Adopting Existing AWS Resources
Adopting existing AWS resources that were created using other tools
The ACK controllers are intended to manage the complete lifecycle of an AWS
resource, from creation through deletion. However, you may already be
managing those resources using other tools - such as CloudFormation or
Terraform. Migrating to ACK could be time-consuming to redeclare all resources
as YAML, or even cause you to lose the state of the application if parts of the
system are recreated. The ACK
AdoptedResource custom resource was designed to
help migrate these AWS resources to be managed by an ACK controller in your Kubernetes
cluster without having to define the full YAML spec or needing to delete and
re-create the resource.
To adopt an AWS resource, create an
resource that specifies the unique identifier for the AWS resource and a target
K8s object. After applying this custom resource to the cluster, the ACK
controller will describe the AWS resource and create the associated ACK resource
inside the cluster - with a complete spec and status. The ACK controller will
then treat the newly-created ACK resource like any other.
All ACK controllers ship with the same
AdoptedResource CRD. Every controller
contains the logic for adopting resources from its particular service. That is,
the S3 controller understands how to adopt all S3 resources. If you don’t have a
particular service controller installed, and try to adopt a resource from that
AdoptedResource CR will have no effect.
The full spec for the
AdoptedResource CRD is located in the API
reference. The spec contains two parts: the AWS resource reference and
the Kubernetes target.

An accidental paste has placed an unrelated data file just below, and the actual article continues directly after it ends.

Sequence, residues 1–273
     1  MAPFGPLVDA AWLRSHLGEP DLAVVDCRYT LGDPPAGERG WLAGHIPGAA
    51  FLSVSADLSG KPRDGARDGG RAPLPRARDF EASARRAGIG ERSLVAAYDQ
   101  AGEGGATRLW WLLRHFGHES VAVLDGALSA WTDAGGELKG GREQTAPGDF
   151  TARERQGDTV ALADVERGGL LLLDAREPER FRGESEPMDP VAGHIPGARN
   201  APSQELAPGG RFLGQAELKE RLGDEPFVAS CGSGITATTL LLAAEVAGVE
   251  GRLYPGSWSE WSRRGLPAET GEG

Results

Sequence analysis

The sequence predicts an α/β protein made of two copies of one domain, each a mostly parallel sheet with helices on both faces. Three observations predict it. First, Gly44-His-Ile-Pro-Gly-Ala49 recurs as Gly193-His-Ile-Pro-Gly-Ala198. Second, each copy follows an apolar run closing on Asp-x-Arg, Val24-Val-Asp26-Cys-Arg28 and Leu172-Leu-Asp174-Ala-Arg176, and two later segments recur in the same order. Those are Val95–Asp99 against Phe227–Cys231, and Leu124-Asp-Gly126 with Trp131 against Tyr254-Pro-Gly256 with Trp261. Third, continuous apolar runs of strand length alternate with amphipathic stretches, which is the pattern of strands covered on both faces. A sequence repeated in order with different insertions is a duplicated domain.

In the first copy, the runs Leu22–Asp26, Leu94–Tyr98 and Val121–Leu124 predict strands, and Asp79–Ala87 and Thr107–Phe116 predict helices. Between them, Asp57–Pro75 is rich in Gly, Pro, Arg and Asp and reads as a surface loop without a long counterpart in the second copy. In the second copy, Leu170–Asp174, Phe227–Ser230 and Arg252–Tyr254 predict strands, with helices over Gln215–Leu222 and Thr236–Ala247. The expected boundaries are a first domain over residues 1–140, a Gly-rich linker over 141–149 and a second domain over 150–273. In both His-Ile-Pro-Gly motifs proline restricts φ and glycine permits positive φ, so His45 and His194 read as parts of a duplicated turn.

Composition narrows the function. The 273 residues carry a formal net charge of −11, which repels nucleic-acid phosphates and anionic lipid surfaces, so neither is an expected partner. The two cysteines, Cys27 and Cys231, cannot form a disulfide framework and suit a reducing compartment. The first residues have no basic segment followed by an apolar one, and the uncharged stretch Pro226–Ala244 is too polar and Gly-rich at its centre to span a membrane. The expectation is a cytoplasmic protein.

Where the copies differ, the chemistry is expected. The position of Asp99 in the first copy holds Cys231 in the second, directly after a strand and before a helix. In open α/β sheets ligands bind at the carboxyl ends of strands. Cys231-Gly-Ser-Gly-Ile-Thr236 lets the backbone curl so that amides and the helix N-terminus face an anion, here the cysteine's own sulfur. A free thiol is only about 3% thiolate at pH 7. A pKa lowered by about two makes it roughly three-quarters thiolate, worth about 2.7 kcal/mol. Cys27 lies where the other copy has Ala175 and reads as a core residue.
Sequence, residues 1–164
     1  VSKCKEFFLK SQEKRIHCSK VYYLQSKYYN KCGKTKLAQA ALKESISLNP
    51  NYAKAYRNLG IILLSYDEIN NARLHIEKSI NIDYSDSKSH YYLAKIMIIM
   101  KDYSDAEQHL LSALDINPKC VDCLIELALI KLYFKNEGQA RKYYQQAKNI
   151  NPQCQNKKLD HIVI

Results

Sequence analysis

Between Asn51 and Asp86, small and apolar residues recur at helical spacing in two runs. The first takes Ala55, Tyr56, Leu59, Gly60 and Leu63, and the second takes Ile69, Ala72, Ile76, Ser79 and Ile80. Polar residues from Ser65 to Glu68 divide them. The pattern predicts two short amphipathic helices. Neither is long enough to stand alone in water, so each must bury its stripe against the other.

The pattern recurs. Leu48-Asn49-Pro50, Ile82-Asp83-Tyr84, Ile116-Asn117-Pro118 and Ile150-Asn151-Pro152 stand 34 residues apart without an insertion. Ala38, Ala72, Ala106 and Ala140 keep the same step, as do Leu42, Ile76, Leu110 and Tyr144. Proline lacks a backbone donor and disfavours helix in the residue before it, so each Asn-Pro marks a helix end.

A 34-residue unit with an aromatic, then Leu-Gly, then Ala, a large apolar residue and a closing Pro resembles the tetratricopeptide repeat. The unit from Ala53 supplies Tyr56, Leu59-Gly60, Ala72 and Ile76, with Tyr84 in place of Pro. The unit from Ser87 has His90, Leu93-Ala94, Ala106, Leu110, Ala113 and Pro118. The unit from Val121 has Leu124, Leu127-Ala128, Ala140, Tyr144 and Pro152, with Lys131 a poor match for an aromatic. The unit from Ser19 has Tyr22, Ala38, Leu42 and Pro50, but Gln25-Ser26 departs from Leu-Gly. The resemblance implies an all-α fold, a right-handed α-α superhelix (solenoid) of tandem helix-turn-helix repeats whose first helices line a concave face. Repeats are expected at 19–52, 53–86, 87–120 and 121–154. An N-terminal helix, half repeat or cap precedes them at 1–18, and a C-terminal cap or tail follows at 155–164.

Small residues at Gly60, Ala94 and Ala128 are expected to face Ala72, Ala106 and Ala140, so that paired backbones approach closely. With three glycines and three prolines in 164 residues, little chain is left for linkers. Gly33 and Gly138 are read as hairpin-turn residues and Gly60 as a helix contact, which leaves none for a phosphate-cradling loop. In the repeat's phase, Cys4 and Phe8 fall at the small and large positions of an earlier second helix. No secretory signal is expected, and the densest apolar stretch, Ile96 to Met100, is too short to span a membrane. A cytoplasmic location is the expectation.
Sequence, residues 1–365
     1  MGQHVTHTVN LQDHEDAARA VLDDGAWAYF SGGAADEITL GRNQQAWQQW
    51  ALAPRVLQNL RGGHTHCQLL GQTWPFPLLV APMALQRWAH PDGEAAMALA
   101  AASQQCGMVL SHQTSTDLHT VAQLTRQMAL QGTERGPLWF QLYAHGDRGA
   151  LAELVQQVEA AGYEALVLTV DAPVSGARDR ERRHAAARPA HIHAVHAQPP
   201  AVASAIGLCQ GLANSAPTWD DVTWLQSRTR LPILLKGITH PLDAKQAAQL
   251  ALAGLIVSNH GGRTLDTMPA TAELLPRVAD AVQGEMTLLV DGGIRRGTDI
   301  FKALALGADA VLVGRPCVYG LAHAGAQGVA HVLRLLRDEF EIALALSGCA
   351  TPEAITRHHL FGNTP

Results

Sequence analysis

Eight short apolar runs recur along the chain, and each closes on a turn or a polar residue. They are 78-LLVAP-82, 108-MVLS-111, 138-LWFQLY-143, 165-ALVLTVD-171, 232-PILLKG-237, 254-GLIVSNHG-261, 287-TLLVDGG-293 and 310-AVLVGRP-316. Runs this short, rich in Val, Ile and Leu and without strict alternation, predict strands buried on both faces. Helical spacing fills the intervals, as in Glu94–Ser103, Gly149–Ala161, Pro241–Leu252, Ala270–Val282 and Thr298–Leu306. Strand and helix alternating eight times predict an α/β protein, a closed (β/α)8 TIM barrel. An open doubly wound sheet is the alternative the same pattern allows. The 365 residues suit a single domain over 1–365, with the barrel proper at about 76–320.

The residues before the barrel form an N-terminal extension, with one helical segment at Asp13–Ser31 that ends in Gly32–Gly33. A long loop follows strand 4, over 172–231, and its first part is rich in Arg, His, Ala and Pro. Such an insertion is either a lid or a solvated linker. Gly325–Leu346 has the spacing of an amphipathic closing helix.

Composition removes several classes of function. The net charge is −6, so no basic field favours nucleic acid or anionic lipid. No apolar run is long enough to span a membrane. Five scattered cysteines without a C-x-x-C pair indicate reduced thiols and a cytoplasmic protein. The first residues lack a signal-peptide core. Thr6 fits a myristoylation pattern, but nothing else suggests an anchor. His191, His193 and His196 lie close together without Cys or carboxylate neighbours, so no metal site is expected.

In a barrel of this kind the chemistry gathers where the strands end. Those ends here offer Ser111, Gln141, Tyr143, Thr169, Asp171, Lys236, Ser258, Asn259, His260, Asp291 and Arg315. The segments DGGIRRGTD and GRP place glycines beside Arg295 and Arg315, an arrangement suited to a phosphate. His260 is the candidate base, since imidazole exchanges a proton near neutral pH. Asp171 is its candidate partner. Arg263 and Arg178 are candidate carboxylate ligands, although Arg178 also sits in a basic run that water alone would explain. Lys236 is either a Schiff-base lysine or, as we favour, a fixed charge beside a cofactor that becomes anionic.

The AWS resource reference requires the unique identifier for the object, either
as an ARN or as the name or ID of the object. Which of these is required depends
on the service and the particular resource.
You can find which field is required
by finding the unique identifier field used by the
calls for that resource.
If we were adopting for an IAM Role, since the IAM Get Role API call requires
RoleName, you should set
.spec.aws.nameOrId to the name of the role you would like to adopt.
If we were adopting for an IAM Policy, since the IAM Get Policy API call requires
PolicyArn, you should set
.spec.aws.arn to the ARN of the policy you would like to adopt.
The Kubernetes target requires the
kind - these identify from
which service and resource you wish to adopt. For example, to adopt an S3
bucket, you would specify a
s3.services.k8s.aws and a
Bucket. The Kubernetes target also allows you to override the
the object that is created. By default, all resources created through an
AdoptedResource will have the same
metadata.name as the
that created it.
Below is an example of adopting an S3 bucket, overriding the name and namespace of the target K8s object and adding a label.
Some AWS resources cannot be defined using only a single unique identifier. For
APIs where we need to provide multiple identifiers, the
contains a field called
aws.additionalKeys which allows for any number of
arbitrary key-value pairs required to define the multiple identifier keys. When
adopting a resource with multiple identifiers, provide the most specific
identifier in the
nameOrID field. Then for each additional identifier, set the
name of the key in
additionalKeys to be the name in the ACK spec or status for
that field, and the value to be the actual identifier value.
For example, the
Integration resource in AWS API Gateway
V2 is uniquely identified by both an
integrationID and an
apiID. The API
requires both of these features to describe an integration. In
this case, we would provide the
integrationID for the
nameOrID field - since
it is unique for every API Gateway v2
API object. Then to provide the
we add a key of
apiID in the
additionalKeys and the value as the API ID for
the resource we want to adopt. The full spec of the
AdoptedResource would look
like the following: